“There are so many functions I find incredibly useful. On the input channels, having the ability to quickly switch between a primary and alternative input source in two touches of the screen is great. I use it for my spare main vocal, in case the first goes down. I’m sure there’s a macro I can set up for this, but I haven’t got there yet. The dynamic EQ is a great tool; the design and parameters give such flexibility and it’s fantastic to be able to designate each band as dynamic or static. It allows me to control vocals in a way that means I don’t have to use a compressor so heavily. This goes a long way for me as a monitor engineer when it comes to processing a vocal. It’s just enough to give a singer confidence in their performance, whilst keeping a natural feel to what they’re hearing. I often use it to minimise the proximity effect of a microphone, or adjust it to each singer’s voice. We’ve also been using the Snapshot system, which lets me do things like automate mutes, fader movements, etc., allowing me more time to mix the show.”
The two biggest functions Scott relies on are the Waves integration and Snapshot system. “The instrumentation in a Bear’s Den show is vast,” he says. “We'll go from a delicate acoustic number into a song with synths, three guitars, horns and drums. Having the scenes to help facilitate that is a massive help. Using the scenes on a DiGiCo console is extremely intuitive and very easy to get your head wrapped around.
“Switching to DiGiCo has been a night and day mixing experience for me. The Snapshot control and waves integration has been a massive asset which, in turn, has made for a much better sounding show. The band and I often listen back to the shows and work on the mixes together, which is something they now find invaluable and has given them a perspective on what the show actually sounds like. For them, having these tools makes the experience of live shows so much more enjoyable and that’s down to DiGiCo!”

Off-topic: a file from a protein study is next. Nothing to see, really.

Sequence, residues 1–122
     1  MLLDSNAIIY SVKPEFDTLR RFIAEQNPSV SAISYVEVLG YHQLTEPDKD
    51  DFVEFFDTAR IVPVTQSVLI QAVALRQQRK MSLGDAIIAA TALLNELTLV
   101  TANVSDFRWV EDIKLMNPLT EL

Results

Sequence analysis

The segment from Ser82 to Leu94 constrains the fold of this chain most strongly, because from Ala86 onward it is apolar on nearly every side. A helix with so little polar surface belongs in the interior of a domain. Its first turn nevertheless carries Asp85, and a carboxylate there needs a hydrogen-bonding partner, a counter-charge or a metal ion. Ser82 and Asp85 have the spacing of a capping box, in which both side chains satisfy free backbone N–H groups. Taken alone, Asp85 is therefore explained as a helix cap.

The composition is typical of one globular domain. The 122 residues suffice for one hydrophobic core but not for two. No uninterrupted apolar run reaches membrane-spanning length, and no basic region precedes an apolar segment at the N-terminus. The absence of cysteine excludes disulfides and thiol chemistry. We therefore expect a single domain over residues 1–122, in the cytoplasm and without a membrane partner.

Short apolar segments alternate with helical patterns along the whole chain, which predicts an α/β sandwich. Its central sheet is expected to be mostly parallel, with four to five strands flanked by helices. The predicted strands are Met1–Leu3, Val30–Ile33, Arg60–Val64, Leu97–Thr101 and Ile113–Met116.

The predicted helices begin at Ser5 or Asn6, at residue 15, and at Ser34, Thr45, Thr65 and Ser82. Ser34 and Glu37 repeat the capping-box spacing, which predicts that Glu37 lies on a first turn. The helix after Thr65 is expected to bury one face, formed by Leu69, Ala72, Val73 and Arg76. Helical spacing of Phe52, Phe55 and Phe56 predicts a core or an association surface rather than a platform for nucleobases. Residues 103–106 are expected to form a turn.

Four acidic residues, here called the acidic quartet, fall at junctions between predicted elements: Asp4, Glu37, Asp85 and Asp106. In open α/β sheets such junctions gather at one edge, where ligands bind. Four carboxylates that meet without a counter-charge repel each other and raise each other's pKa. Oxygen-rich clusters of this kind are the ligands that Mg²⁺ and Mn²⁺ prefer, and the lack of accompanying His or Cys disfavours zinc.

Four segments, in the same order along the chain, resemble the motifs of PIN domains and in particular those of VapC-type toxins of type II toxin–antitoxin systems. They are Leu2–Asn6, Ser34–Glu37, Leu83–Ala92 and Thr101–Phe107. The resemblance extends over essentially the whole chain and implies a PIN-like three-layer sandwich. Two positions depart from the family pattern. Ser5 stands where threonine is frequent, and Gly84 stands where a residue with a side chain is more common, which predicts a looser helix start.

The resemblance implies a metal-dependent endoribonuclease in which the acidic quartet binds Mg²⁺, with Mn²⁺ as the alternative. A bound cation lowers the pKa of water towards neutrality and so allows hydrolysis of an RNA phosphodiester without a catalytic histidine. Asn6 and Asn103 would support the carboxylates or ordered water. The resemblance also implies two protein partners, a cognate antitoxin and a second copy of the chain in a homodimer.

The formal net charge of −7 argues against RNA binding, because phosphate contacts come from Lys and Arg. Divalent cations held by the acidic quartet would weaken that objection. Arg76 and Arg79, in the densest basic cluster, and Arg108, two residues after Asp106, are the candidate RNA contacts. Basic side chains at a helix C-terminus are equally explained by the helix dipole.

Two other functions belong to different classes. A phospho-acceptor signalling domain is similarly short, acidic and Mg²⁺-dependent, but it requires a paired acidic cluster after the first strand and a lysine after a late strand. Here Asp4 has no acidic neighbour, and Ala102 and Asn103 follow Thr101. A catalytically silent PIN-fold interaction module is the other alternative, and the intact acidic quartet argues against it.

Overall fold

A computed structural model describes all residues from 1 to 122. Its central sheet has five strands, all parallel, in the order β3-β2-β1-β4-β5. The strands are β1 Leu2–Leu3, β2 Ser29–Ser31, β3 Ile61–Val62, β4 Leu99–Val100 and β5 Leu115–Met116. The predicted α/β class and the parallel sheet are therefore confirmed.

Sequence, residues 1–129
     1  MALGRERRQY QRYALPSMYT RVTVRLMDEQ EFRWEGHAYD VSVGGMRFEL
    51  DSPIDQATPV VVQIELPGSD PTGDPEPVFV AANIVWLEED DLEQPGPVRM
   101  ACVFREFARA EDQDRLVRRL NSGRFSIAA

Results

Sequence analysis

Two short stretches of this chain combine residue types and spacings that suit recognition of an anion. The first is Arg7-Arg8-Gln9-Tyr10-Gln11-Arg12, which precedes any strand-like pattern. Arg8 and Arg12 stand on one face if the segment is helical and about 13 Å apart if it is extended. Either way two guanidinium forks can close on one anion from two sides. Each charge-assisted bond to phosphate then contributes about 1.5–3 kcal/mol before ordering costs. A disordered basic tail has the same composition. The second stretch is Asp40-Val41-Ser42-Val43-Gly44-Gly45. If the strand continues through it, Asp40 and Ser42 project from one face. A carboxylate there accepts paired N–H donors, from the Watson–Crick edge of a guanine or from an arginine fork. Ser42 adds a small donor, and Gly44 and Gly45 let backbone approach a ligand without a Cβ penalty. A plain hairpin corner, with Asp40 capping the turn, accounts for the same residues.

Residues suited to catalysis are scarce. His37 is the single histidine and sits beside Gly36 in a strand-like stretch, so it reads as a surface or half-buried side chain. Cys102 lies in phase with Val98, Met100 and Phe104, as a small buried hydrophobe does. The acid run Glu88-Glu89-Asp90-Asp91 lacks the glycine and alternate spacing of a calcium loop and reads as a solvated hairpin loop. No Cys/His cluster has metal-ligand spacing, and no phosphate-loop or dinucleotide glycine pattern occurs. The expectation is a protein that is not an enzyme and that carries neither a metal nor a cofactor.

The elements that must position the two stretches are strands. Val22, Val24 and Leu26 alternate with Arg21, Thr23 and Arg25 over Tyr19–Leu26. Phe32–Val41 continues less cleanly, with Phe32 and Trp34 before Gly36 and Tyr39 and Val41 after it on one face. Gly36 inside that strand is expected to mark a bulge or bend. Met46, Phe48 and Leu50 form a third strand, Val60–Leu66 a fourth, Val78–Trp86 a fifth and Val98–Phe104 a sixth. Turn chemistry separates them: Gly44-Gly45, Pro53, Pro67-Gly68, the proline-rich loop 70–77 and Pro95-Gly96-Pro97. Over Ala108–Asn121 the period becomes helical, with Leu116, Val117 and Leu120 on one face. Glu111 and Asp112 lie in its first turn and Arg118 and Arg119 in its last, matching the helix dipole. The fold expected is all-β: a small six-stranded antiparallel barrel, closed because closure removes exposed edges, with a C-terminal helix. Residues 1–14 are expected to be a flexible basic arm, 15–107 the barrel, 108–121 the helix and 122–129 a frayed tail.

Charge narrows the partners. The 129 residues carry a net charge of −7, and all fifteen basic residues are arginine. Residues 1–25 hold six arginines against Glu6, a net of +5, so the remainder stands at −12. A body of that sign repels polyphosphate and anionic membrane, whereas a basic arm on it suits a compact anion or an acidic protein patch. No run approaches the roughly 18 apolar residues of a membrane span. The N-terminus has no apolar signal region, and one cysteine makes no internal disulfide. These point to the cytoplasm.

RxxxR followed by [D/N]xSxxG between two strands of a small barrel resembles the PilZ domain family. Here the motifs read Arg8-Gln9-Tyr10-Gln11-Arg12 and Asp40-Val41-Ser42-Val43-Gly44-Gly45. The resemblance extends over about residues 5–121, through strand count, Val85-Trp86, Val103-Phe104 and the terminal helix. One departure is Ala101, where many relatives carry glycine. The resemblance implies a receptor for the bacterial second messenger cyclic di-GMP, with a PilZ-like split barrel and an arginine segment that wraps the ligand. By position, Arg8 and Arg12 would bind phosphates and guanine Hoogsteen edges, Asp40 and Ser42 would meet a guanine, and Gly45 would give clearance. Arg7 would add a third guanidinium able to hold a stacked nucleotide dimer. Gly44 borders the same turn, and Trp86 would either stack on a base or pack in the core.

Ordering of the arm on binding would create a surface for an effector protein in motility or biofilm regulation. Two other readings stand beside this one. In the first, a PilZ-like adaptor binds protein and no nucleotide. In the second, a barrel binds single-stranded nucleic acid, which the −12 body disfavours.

“DiGiCo have been incredibly supportive throughout,” adds Rory. “Scott and I spent a day at DiGiCo Chessington HQ building our original files. DiGiCo’s James Bradley was on hand all day if we needed anything. We made a few calls to tech support during production rehearsals and we called several times during the tour for little bits of advice and tips. We never had an issue getting through and every person we spoke to was patient and professional. They couldn’t have been better. SSE has also done a great job with Bear’s Den. The gear is prepped beautifully, labelled clearly, and all of it in good nick. They provide a great service on the road too; Dan Bennett dropped extra mics and a shout box to us in Birmingham when we needed them and they provided the PA at the Brixton Academy show too, which ran really nicely.”
Scott concurs, “I’ve been working with SSE for the past three years. Dan Bennett and the rest of the team are great and so accommodating. Both the gear and their support is outstanding.”
“From an engineer’s perspective, I’m happier than I’ve ever been with a touring console,” Rory concludes. “The system goes together quickly and easily, so our daily schedule runs according to plan. The band are getting what they need from the system and that comes down to high quality audio and consistency.”